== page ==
Podemos silent on Spanish generals’ coup threats
2 December 2020
It is over 48 hours since El País published extracts of a letter signed by 73 retired officers, appealing to King Felipe VI to act against the elected Socialist Party (PSOE)-Podemos government. They blame what they call “the social-communist government” for “the decomposition of national unity.”
It comes weeks after 39 retired Air Force commanders sent a similarly incendiary letter to both the European Parliament and the king. The letter asserted that the PSOE-Podemos government is overseeing the “annihilation of our democracy,” and assured the king of their “deep loyalty” to him.
While sections of the military are all but openly discussing a coup to install a dictatorship aimed against the working class, the “Left Populist” Podemos party has remained deafeningly silent. The government’s only official public reaction was that of Deputy Prime Minister and Defence Minister Margarita Robles, who intervened to defend the king in yesterday’s budget debate in parliament. Her intervention was loudly applauded from the Podemos bench.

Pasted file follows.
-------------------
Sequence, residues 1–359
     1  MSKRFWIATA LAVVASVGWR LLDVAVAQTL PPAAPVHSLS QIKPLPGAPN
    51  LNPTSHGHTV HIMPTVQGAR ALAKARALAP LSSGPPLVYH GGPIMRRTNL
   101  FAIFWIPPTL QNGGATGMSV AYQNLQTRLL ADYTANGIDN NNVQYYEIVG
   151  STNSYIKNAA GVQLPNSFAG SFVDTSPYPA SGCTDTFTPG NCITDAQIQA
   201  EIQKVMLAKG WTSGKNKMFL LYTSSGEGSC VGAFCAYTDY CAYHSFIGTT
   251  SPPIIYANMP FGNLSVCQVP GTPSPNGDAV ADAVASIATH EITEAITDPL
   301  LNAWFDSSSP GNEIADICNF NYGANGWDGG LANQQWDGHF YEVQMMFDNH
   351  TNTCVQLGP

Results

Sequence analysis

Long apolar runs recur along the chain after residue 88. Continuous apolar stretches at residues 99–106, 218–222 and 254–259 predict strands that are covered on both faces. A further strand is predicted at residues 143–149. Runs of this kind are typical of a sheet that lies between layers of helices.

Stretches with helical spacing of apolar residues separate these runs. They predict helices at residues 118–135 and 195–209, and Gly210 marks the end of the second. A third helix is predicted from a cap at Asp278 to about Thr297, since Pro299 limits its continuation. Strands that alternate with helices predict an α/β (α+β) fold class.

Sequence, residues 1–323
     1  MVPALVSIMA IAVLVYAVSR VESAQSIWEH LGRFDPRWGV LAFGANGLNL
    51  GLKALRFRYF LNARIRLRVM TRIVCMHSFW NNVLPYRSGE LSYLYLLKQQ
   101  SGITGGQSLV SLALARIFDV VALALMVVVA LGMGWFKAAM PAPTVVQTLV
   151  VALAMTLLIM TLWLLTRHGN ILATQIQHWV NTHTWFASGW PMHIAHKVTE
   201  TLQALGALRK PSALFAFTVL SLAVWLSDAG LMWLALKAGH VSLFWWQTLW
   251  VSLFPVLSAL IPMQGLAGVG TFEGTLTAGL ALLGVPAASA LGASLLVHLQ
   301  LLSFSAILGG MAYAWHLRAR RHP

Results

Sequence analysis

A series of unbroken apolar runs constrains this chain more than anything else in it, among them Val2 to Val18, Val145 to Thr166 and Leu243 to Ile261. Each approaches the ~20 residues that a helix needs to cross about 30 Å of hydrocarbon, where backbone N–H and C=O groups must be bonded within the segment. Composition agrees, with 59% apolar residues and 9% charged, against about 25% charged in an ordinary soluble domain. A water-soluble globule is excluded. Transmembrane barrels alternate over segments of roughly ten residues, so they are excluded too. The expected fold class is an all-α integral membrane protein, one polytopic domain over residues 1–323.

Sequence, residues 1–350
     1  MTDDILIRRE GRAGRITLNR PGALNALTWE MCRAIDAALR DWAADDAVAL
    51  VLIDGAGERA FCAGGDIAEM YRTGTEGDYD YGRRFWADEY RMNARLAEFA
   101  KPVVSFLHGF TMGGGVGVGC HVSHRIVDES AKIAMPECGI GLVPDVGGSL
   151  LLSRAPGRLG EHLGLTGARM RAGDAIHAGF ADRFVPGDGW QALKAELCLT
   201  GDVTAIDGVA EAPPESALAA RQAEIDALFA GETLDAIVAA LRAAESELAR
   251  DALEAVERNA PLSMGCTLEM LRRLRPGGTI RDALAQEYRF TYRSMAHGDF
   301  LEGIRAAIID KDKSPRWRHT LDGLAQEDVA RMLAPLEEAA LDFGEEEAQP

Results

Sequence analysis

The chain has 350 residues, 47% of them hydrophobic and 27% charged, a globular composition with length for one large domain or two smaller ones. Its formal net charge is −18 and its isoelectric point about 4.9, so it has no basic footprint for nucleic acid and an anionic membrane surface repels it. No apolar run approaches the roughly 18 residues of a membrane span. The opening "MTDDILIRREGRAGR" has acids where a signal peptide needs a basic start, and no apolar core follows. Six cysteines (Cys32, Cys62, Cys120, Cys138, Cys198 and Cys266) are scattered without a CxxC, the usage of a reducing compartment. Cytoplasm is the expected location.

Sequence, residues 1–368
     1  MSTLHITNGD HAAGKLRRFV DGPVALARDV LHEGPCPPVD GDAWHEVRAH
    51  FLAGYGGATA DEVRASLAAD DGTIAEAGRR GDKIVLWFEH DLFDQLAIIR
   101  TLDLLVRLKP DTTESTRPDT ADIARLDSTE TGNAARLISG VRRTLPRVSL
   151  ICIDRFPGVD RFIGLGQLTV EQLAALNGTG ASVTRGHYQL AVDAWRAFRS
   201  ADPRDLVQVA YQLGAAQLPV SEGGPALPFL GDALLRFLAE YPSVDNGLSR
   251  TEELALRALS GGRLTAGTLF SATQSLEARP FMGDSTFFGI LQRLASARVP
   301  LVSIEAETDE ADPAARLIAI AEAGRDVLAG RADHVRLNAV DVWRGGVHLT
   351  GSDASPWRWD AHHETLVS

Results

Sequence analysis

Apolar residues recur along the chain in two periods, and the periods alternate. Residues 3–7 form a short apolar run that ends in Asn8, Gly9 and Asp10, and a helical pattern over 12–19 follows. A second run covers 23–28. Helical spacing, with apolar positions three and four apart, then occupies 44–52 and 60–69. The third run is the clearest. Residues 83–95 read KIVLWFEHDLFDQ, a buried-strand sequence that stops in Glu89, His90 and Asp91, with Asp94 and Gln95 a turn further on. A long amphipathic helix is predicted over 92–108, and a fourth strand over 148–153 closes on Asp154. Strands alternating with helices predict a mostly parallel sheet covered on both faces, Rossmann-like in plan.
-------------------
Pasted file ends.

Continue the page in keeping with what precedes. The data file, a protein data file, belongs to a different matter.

Robles said: “The head of state belongs to everyone, not to some who with certain letters implicate the king.” The letters’ signatories, she said, “are not doing what they have to do as public servants or defending the values that characterise the military and military family.”
That is, the PSOE-Podemos government is passing over in silence the fact that sections of the officer corps are discussing a coup. Instead, they aim to protect the king’s reputation, even though the king has neither disavowed the letter nor explained why the Royal House had previously not disclosed the letters.
Robles did not announce any investigation of the letters’ signatories, their links with potential coup plotters among active-duty officers, or the extent of fascist sentiment in the army. Instead, she extended her “recognition” to retired generals who are now parliamentarians of the fascist Vox party. Calling their fascist politics “a legitimate option,” she claimed that they are defending what “they think are the interests of the citizens. My gratitude goes to them even though we are so distant.”